The Revolt of Unreason

Miguel de Unamuno and Antonio Caso on the Crisis of Modernity

Series:

Michael Candelaria

This book examines solutions to the crisis of modernity proposed by the Spanish philosopher Miguel de Unamuno and the Mexican philosopher Antonio Caso. Acceptance of the objective claims of modern scientific rationality and the consequent rejection of the objective validity of artistic, moral, and religious claims generates the crisis of modernity. The problem is that of justifying artistic, moral, and religious claims. Miguel de Unamuno in his classic work, The Tragic Sense of Life, addresses the conflict between the belief in personal immortality and modern scientific rationality. Holding that there is no rational justification for the belief in immortality, Unamuno finds a solution in a “saving scepticism” to act “as if” he deserved immortality. In his book Existence as Economy, as Art, and Charity Caso attempts to create an aposteriori metaphysics based on the “current” results of science supplemented by the intuitions of art and morality. In doing so, Caso believes that he has enlarged the scope of the knowable to include objects of art, morality, and religion. Unamuno, by accepting the strict line of demarcation between faith and reason has no other recourse but to turn to decisionism. By turning to intuitionism, Caso believes that he has blurred the line of demarcation. Decisionism and intuitionism, therefore, are worthy of further exploration.

Series:

Yuval Lurie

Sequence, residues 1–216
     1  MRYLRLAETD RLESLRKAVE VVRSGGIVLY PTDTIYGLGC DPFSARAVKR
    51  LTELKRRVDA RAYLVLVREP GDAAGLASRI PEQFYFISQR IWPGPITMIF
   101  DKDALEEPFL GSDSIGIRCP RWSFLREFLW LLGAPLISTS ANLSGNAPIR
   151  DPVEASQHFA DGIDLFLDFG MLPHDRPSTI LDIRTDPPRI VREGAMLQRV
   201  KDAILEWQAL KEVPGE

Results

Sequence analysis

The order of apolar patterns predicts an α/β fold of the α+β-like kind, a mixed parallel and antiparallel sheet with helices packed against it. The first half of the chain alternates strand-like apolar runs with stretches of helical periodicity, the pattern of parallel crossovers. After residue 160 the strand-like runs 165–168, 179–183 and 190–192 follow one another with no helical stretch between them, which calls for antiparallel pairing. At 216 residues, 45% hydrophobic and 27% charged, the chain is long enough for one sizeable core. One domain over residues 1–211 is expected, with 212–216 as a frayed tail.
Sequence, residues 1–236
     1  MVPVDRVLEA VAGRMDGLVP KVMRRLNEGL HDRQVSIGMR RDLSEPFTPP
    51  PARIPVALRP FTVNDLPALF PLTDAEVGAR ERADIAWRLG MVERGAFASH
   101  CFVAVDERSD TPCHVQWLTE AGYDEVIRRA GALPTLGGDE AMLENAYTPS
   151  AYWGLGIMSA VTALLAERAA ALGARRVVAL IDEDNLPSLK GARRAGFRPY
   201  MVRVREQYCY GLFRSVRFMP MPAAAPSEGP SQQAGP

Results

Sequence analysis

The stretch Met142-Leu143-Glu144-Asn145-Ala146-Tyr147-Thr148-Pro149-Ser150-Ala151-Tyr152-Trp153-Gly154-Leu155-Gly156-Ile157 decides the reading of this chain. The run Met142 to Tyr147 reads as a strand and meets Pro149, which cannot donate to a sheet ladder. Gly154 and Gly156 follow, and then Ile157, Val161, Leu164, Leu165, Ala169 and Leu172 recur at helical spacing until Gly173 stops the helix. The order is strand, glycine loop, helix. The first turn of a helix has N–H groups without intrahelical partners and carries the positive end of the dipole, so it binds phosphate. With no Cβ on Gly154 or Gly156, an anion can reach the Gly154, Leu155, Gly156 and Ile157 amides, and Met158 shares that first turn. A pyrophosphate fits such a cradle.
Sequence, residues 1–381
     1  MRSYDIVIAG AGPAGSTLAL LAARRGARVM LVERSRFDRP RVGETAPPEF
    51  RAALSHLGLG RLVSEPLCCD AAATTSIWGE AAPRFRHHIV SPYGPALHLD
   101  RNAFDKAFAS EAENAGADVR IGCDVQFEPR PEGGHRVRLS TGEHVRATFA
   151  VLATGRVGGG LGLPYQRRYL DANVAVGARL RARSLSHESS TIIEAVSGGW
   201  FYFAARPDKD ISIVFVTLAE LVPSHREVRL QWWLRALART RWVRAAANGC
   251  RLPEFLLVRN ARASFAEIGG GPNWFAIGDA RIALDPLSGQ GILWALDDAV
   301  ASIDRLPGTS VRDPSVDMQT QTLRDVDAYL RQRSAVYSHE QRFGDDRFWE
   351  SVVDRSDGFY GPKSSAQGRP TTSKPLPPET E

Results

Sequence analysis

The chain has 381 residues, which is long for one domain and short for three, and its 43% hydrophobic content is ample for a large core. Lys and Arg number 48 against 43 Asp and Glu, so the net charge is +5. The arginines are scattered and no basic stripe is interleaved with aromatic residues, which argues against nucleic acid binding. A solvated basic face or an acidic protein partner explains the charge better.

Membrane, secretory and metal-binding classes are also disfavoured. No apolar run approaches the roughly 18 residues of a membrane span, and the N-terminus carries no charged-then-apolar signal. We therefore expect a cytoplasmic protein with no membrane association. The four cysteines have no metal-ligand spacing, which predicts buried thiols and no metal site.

Wittgenstein on the Human Spirit provides a new understanding of Wittgenstein’s discourse as an insightful philosophy of culture, pursued through self-reflection. It offers an edifying perspective on the conceptual underpinnings of culture as a shared expressive spiritual form of life. The ideas investigated in it are highly relevant for discussions in philosophy, aesthetics, anthropology, and cultural studies. The book embraces three studies: The Spirit of Jews, The Spirits of Culture and Civilization, and The Common Spirit of Human Beings. The first discusses Wittgenstein's remarks about Jews, focusing on their place within his philosophical thinking, self-reflection, and European discourse about culture and Jews. It shows how overcoming the anti-Semitic attitude implicit in them set off the major change in his philosophy. The second discusses Wittgenstein’s reflections on the “deterioration of culture” in the modern period, showing how they are related to his remarks about following rules. The third discusses Wittgenstein’s insights regarding the symbolic nature of myth, magic and religion. It suggests that modern human beings and those of ancient cultures possess a common expressive spiritual nature. This enables us to understand expressive practices in other cultures without interpretation. Nonetheless religious belief during the modern period is problematic.